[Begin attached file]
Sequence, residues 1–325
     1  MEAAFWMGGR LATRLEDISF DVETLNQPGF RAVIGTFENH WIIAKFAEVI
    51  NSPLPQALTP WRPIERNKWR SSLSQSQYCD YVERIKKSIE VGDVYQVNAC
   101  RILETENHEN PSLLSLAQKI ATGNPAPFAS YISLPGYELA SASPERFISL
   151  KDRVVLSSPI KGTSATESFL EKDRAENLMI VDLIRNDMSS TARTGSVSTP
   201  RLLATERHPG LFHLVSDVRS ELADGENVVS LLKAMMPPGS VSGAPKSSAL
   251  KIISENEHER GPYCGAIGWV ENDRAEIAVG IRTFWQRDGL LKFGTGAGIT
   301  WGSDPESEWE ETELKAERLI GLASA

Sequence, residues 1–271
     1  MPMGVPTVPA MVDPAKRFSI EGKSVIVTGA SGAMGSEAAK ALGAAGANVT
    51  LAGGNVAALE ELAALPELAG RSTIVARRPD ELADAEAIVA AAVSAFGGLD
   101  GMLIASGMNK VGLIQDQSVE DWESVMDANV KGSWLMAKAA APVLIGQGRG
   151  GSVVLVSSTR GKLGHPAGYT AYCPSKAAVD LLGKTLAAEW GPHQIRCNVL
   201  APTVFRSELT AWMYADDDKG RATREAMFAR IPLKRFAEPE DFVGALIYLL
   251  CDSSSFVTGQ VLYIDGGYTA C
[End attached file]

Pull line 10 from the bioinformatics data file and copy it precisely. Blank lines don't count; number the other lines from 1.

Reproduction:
     1  MPMGVPTVPA MVDPAKRFSI EGKSVIVTGA SGAMGSEAAK ALGAAGANVT